The bottom bar will change from green to yellow. Now you can type a command to resize the Linux tmux pane:
resize-pane -D – Moves the boundary line for the pane downward.
resize-pane -U – Moves the boundary line for the pane upward.
resize-pane -R – Moves the boundary line for the pane right.
resize-pane -L – Moves the boundary line for the pane left.
You may also specify a specific number of cells to move the boundary line. For example:
resize-pane -U 10 – Moves the boundary line up 10 cells.
You can specify a different cell than the one you’re working in. To resize Cell 2 (lower right):
resize-pane –t 2 --R 5 – Moves the boundary line 5 cells to the right.
Detach and Reattach tmux Sessions
With tmux, you can keep a process working in the background.
To detach from the current session, you can use:
Your system will drop to a normal command line. There should be an output that reads
[detached (from session X)].
To reattach the session, you can use:
The system will re-enter the live Linux tmux session, and pick up just where you left off.
To attach to a specifically named session, use:
tmux a -t session_name
List Active tmux Sessions
You can easily list your tmux active session by using the command below:
Example Output 0: 1 windows (created Sat Nov 12 03:55:44 2022) [80x23] (attached)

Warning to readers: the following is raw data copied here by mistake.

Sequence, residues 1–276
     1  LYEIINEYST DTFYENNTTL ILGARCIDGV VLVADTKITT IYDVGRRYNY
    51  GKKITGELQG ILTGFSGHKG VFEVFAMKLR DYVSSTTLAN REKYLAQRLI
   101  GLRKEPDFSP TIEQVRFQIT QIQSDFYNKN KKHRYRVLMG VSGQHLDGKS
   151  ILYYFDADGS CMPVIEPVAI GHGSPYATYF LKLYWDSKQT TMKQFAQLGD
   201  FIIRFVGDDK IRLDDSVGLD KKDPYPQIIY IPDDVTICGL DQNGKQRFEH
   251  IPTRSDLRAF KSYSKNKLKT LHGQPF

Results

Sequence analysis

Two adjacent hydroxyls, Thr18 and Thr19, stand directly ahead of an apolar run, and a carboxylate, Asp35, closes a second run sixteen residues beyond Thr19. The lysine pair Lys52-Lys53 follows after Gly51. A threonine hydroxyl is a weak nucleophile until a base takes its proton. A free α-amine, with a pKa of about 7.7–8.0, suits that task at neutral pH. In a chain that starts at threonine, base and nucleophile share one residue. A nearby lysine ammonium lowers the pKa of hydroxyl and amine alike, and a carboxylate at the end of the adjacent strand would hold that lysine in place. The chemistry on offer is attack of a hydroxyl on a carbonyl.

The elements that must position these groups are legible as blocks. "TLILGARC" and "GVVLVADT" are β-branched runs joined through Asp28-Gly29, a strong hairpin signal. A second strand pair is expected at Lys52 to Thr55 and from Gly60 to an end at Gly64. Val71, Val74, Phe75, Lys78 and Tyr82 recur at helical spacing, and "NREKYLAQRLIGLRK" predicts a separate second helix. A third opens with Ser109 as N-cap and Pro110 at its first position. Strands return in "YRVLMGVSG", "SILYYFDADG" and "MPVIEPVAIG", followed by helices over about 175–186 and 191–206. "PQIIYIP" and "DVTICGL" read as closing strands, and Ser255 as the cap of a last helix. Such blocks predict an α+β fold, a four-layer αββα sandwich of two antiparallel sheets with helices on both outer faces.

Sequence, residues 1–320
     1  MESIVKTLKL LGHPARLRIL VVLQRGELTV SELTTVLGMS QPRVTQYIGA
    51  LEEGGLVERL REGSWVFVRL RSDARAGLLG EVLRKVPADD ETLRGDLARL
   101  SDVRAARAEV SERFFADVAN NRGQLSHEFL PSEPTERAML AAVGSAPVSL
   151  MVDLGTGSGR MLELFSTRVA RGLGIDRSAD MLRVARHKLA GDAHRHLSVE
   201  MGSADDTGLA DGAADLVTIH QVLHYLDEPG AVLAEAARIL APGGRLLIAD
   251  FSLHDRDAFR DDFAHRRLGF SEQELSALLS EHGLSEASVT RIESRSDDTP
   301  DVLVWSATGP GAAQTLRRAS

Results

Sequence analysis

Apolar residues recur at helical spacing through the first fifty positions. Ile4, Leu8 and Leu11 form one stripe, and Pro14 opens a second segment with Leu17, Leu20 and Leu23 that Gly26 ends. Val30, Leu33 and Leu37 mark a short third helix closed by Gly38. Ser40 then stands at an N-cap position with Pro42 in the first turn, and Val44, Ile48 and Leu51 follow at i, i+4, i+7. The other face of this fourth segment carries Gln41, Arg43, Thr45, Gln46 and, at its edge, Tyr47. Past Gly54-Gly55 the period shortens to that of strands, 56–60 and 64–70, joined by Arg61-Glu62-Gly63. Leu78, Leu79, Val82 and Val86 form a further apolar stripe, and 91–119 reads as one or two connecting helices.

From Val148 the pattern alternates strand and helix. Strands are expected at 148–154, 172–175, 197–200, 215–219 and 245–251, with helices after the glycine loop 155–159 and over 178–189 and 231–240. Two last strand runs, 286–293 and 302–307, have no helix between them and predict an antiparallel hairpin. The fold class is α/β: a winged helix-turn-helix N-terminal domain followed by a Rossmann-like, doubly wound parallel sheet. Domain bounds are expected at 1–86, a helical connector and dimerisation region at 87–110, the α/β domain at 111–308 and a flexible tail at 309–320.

Work with tmux Window Screens
Your screen can become cluttered if you have too many panes open. You can create a new full-screen window by entering
To rename a window, switch to it and use the comma key:
You can simply switch to the next window by pressing:
To switch to the previous window press:
You can display an interactive list of windows with
Use the up/down arrow keys to select the window you want to use, then press enter.
Also, you can close a tmux window, by using the:
Configure tmux on Linux
The tmux is so highly configurable. You can edit the tmux.conf file to make changes.
To create custom changes for a single user, create the file in the user’s home directory ~/.tmux.conf. To create system-wide changes, create the file in the system directory /etc/tmux.conf.
Change Activation Key
By default, tmux uses the
CTRL+b combination to activate functions. To do this, open the file with your favorite text editor, here we use vi:
sudo vi /etc/tmux.conf
Add the following lines to the file:
unbind C-b set –g prefix C-a
Save the changes and exit. Now, whenever you use tmux, you’ll use
CTRL+a to activate functions.
Note: If you have any active tmux sessions, the changes won’t take effect until they are closed and restarted. Detaching will not work.
Change Status Bar Appearance
Open the configuration file for editing:
sudo vi /etc/tmux.conf
Add the following lines to the file:
# Status bar colors set –g status-bg blue set –g status-fg black # highlight and display setw –g monitor-activity on setw –g visual-activity on
Save the changes and exit the file.
At this point, you have learned to Install and Use tmux on Linux.
Hope you enjoy it.